Try signing up for a credit monitoring service, which will alert you if any major financial activity is detected — such as applications for loans and new credit facilities. These services usually come with free credit reports, which will also signal fraud if unexpected changes in your credit rating are detected.
Another option is to sign up for a finances tracking app, such as Seedly (iOS, Android), which will provide real-time monitoring of your bank and credit accounts and alert you to any suspicious activity.
In keeping with the ‘extra layer’ premise, make sure to switch on second-factor authentication (or 2FA as the cool kids call it) for as many services as possible. This includes not just your mobile banking and SingPass, but also your email accounts, gaming sites, favourite online stores and more.
2FA works by requiring an additional, separate verification step before logging you in, to make sure it’s really you. Whenever possible, opt for a physical token for 2FA — it’s safer than receiving one-time passwords (OTPs) over SMS.
The very first thing you should do when you discover (or even suspect) your credit card has been hacked is to tell your bank. Doing so as early as possible is important for two reasons. 1) Your bank can start taking steps to investigate and protect your account and 2) it will limit your liability for fraudulent charges.
Yes, we know — you’re the victim here, and it seems unfair to be liable for the actions of fraudsters. But because it can sometimes be difficult to prove that a transaction really was a result of theft (and not say, an impulse purchase that you can’t return), banks have to do their due diligence when investigating such cases.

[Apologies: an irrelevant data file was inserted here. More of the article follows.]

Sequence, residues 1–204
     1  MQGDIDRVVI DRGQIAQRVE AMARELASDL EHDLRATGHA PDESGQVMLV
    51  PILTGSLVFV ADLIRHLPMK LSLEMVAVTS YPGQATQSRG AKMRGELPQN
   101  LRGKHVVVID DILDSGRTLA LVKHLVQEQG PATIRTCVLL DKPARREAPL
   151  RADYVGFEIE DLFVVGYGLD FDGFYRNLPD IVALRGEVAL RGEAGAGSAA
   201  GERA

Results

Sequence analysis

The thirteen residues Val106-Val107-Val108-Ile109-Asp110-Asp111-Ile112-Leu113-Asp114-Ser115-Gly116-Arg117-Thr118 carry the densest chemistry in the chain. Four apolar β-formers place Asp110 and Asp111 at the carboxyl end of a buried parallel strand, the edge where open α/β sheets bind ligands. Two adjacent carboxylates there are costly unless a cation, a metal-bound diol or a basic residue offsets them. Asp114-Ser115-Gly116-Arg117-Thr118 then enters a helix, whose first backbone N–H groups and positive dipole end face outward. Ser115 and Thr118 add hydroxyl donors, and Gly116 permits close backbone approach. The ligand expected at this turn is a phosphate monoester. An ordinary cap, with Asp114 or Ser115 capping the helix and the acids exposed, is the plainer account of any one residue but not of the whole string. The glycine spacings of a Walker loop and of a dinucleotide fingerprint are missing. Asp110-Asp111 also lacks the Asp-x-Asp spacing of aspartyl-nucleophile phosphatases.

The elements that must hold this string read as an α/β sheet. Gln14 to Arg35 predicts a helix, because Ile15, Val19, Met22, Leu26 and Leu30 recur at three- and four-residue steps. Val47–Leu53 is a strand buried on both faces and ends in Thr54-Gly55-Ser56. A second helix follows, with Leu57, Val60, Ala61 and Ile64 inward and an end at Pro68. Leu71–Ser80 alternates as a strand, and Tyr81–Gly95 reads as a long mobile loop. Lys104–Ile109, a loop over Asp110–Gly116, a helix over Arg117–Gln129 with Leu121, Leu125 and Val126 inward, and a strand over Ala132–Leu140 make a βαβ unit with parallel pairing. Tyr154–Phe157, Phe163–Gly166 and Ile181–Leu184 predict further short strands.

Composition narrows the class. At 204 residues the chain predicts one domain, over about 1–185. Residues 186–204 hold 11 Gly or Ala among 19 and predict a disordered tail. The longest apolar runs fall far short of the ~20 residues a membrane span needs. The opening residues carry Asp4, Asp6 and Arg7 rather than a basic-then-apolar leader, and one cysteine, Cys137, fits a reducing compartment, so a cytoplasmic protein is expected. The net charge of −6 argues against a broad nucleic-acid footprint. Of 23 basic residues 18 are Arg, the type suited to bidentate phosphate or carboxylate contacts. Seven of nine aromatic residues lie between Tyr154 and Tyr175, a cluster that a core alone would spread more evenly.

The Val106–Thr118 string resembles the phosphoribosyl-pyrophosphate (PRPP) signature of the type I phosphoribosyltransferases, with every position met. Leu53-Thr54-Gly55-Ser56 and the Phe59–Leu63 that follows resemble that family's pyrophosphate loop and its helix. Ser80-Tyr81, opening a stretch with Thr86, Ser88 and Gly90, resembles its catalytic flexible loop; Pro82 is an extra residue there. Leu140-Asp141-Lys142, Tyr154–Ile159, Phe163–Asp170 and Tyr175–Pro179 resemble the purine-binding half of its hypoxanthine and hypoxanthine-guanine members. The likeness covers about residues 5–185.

Generally speaking, your personal liability in such cases rarely exceeds $100. But it’s a good idea to check with your bank what their exact policies are.
Here’s an extra step you can take to help prove the fraudulent charges on your card. Check with vendors whom you’ve set up automatic recurring payments whether anyone had called up to verify the card details on your account recently.
You see, with a bit of personal data on hand, criminals can easily impersonate you on the phone. They can call up your utilities company or telecoms provider and pretend to have forgotten which credit card was used with your account. “Is it the Mastercard or the Visa? Could you verify the card number on file please?”
If you have set up such payment instructions and the companies did receive such a call, let your bank know so they can verify if that was how the hack happened.